Experts recommend beginning with “sleep hygiene” habits to protect your rest. These include going to bed and waking up at the same time each day, using your bedroom for sleep and sex only, and avoiding technology at bedtime.
If you find your mind won’t stop talking to you, try a relaxation technique such as progressive muscle relaxation (PMR) or some relaxing exercises.
3. Practice emotional awareness.
If you have depression and anxiety, you’re probably no stranger to dark, stormy, complex emotions. In the moment, you may fear they will last forever.
But the reality is that, like waves in the ocean, they arise, peak, crash, and recede. Though we may not want to experience these kinds of feelings, there’s a psychological cost to denying them inwardly.
It may seem counterintuitive, but denying negative emotions actually makes them stronger. Seeing them as waves that will pass can help you accept and tolerate the distress that comes your way.
4. Address negative thinking.
Negative thinking is one of the core experiences that’s common to all kinds of anxiety and depression. Even though these negative thought patterns may persist, you don’t have to believe what they’re telling you.
One common strategy is to push the thoughts away, which tends to amplify their power. And the other tendency is to let that destructive thinking run the whole show. Instead of these pitfalls, see if you can pause and acknowledge the thought for what it is.
Labeling is one tool that helps take power out of negative thoughts. If your thinking is criticizing you, try to take a quiet moment to notice and name it. You can greet that critical voice deliberately. Maybe you say, “hello, inner critic— I see you.” Doing this doesn’t mean that negative self-talk won’t disappear, but they’ll likely lose some of their power.
You may also want to work with a trained clinician to learn cognitive behavioral therapy techniques like cognitive restructuring to help reframe negative
5. Engage in pleasure.
Who said taking care of your mental health can’t be fun? One tool for mood regulation is to identify pleasurable activities and schedule them into your day.
It may sound too simple to be true. But the truth is that with mental health issues, or even just the busyness of life, it’s easy to let self-care and fun fall by the wayside. So bringing it back in requires focused effort.
To begin, identify 5 – 10 manageable activities that sound enjoyable. This activity might be reading, watching funny videos, taking a bath, cuddling your dog, watching a show, taking a walk, using a massage roller, smelling lavender, or anything else you like to do. Then schedule at least 10 minutes a day of pleasure, and do your best to prioritize it.
6. Talk it out.
Psychotherapy or talk therapy can be helpful for both conditions. Rather than focusing on a specific diagnosis, therapy is personalized to you and your needs.
Two effective approaches for both mental health issues are acceptance and commitment therapy (ACT) and cognitive behavioral therapy (CBT).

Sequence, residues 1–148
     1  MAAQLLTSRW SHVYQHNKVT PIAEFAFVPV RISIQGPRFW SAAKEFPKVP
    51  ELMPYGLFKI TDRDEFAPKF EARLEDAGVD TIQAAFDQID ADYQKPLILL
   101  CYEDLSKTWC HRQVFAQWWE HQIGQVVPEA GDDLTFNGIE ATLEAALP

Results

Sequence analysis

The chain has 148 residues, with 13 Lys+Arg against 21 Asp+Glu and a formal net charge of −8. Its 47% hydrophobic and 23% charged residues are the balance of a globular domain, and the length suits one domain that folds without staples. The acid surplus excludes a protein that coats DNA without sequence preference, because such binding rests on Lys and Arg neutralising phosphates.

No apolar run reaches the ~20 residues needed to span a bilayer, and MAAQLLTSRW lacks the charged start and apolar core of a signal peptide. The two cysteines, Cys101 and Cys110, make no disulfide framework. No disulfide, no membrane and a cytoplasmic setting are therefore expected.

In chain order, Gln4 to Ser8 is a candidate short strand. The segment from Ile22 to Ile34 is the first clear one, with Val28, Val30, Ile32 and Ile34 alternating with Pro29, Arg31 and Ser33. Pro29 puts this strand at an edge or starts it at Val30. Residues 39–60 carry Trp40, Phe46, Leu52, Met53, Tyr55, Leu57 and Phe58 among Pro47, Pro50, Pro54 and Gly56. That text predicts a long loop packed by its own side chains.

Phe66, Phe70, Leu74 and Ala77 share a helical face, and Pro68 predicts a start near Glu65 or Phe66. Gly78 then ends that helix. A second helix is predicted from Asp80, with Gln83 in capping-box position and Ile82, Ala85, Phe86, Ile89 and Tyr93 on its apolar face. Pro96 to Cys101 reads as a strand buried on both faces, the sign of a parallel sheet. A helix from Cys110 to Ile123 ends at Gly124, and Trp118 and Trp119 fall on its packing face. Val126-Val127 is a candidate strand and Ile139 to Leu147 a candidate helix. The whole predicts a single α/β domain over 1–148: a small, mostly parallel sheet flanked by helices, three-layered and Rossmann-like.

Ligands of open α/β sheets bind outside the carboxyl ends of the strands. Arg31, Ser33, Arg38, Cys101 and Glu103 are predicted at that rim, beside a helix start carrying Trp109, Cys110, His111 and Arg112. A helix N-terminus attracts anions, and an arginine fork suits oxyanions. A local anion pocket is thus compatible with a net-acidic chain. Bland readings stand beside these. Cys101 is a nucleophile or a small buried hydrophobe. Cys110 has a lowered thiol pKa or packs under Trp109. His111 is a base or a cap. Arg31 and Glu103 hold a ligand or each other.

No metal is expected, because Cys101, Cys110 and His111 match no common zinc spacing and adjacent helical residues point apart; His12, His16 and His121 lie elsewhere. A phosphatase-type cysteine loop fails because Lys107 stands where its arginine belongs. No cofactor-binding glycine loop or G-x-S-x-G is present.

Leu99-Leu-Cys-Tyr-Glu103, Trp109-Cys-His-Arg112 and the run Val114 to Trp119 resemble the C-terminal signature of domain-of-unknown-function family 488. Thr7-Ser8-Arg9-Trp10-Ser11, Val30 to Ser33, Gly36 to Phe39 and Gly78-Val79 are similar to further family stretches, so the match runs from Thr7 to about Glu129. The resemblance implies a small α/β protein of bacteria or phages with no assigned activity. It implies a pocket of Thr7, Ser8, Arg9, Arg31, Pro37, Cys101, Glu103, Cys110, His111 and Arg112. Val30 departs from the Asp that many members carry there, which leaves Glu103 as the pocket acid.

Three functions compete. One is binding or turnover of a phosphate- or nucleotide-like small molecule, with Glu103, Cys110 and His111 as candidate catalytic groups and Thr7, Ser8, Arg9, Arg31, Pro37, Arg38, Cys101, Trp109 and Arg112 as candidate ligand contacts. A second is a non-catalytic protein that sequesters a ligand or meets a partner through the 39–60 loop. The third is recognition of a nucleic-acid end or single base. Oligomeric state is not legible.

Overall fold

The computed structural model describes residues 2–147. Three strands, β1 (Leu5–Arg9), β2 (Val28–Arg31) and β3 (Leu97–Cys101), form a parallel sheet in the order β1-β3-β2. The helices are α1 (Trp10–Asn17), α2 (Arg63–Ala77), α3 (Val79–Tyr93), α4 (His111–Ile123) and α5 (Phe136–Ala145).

Some forms of CBT focus on a single condition, so check with your prospective therapist to ensure they can help you address both anxiety and depression symptoms simultaneously. More important than the specific modality is finding someone who’s the right fit.
7. Get medical support.
Medication can target both conditions simultaneously. Start by reaching out to a medical provider for an evaluation.
If an antidepressant or some other prescription medication is the right approach, ongoing care is ideal for finding the proper med, identifying the appropriate dosage, and monitoring side effects.
Finding affordable medical care can be difficult, but Lemonaid is here to make it easy. Visit Lemonaid to schedule an online consultation and talk to a medical professional about how to treat these conditions.
No one would wish for mental health issues. That being said, many people find that the skills they learn and practice to get relief from these conditions continue to support their well-being and personal growth long after the symptoms subside.
- It’s very common for depression and anxiety to occur in the same person.
- While they’re distinct conditions, anxiety and depression have many overlapping symptoms.
- When it comes to helping with depression and anxiety, medication and psychotherapy can address both simultaneously.
- Lifestyle habits can also be an effective way to treat the symptoms of both conditions.
- Akbari et al. (2015). Transdiagnostic Treatment of Co-occurrence of Anxiety and Depressive Disorders based on Repetitive Negative Thinking: A Case Series. https://www.ncbi.nlm.nih.gov/pmc/articles/PMC4749690/
- The American Psychiatric Association. (2013). Diagnostic and statistical manual of mental disorders (5th ed.). https://doi.org/10.1176/appi.books.9780890425596
- Barlow et al. (2017). The Unified Protocol for Transdiagnostic Treatment of Emotional Disorders Compared With Diagnosis-Specific Protocols for Anxiety Disorders: A Randomized Clinical Trial. https://doi.org/10.1001/jamapsychiatry.2017.2164